Doll Therapy May Help Calm People With Dementia, But It Has Critics

Press/Media: Expert Comment


Expert comment on therapeutic use of dolls in dementia care.

Period03 Oct 2016

Media contributions


Media contributions

  • TitleDoll Therapy May Help Calm People With Dementia, But It Has Critics
    Degree of recognitionInternational
    Media name/outletNPR (National Public Radio)
    Media typeRadio
    CountryUnited Kingdom
    DescriptionMedia Snippet: "Having the doll ... offers them an anchor or a sense of attachment in a time of uncertainty," says Gary Mitchell, a nurse specialist at Four Seasons Health Care facilities in Northern Ireland, and author of a new book: Doll Therapy in Dementia Care: Evidence and Practice.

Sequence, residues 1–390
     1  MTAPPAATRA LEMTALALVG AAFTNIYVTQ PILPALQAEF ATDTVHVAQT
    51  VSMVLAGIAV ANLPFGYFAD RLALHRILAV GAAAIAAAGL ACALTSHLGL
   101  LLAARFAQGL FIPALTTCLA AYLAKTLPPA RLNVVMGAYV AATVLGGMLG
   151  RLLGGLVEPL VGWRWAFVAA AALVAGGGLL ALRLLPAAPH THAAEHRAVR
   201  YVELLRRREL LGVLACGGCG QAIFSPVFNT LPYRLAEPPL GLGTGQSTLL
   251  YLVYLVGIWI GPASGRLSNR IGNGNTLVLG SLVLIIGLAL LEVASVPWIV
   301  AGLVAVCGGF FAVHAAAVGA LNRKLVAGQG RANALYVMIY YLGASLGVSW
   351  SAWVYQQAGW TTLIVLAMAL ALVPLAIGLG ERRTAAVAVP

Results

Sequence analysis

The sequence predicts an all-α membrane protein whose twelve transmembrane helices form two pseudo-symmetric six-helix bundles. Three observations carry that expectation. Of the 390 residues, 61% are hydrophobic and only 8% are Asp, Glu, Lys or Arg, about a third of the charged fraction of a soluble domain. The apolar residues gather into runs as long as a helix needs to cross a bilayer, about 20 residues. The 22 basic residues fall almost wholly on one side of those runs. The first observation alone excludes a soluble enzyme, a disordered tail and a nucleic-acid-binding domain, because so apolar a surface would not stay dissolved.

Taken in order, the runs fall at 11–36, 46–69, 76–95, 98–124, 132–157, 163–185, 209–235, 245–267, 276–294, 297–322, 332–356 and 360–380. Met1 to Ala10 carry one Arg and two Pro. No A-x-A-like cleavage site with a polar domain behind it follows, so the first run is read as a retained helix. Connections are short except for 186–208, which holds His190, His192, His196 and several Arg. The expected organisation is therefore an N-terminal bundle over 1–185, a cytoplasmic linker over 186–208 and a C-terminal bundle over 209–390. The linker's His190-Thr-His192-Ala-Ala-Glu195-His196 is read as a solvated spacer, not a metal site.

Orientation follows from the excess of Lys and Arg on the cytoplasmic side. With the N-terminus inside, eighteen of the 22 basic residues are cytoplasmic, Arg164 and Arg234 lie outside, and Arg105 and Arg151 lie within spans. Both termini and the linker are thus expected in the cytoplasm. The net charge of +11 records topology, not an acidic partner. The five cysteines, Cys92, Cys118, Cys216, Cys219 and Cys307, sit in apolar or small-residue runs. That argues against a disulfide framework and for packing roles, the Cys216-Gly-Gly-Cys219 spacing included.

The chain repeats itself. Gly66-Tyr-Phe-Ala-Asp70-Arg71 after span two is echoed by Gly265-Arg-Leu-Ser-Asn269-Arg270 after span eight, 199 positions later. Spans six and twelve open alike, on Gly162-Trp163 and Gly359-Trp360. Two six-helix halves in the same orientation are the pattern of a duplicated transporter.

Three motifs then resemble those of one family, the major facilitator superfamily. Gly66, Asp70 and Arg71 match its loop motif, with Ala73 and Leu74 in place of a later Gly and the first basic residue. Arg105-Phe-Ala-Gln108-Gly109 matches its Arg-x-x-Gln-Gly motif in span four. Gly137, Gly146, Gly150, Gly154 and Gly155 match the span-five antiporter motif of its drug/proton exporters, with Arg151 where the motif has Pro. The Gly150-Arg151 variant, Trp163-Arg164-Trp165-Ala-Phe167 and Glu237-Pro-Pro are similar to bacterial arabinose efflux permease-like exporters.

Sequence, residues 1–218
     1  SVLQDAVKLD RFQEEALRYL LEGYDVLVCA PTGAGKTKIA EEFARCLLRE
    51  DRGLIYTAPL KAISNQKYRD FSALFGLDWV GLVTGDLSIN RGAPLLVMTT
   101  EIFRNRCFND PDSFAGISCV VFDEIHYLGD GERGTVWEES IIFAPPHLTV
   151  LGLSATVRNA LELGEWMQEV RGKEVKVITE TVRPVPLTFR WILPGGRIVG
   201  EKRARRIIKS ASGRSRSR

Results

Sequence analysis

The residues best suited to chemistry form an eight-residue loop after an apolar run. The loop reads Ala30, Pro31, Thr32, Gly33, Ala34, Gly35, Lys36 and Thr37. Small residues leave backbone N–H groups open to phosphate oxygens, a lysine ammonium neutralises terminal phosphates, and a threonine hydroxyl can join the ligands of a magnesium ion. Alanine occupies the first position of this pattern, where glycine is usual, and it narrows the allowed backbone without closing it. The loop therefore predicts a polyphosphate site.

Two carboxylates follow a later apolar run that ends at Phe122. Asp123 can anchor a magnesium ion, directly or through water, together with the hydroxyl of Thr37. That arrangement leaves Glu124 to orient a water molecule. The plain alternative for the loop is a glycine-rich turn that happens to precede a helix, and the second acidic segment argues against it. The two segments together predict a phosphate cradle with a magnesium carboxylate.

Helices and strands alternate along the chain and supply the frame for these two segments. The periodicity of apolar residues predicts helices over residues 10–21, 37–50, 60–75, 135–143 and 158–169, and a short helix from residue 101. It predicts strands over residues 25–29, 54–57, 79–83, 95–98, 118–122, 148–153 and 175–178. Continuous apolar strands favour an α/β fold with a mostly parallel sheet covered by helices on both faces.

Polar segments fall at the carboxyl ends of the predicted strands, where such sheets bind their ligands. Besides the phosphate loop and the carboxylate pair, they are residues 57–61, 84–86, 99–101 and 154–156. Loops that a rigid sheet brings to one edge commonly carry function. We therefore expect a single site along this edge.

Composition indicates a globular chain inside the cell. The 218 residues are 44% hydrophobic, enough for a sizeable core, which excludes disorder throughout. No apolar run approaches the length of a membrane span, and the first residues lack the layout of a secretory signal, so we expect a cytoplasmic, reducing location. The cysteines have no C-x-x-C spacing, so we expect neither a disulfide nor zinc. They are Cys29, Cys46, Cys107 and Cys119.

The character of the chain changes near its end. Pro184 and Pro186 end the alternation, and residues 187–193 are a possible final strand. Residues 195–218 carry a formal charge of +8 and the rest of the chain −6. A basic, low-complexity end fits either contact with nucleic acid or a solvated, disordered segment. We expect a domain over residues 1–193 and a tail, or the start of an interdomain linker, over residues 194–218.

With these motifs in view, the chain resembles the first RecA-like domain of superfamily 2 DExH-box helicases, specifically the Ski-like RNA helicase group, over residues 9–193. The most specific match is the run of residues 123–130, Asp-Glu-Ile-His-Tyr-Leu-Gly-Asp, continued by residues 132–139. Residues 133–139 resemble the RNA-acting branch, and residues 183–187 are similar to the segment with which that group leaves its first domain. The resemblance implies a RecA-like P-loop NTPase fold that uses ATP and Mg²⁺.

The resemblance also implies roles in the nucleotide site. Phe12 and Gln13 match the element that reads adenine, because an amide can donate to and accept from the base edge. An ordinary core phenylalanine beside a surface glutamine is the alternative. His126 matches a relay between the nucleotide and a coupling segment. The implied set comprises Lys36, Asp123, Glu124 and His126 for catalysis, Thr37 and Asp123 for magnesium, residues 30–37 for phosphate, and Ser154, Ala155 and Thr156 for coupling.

"A lot of people associate the doll with their younger days and having people to care for," Mitchell says.

    However, he acknowledges that doll therapy can perpetuate the stigma associated with dementia that care givers are trying to get away from.

    Some families worry about their relatives being laughed at when they engage in doll therapy, Mitchell says. He had the same concerns when he worked at a senior residential center. But when one resident requested that he allow her to continue caring for a doll, he saw the positive impact of the therapy. Mitchell says doll therapy should be used cautiously and more studies are needed.
    Producer/AuthorAnna Gorman
    PersonsGary Mitchell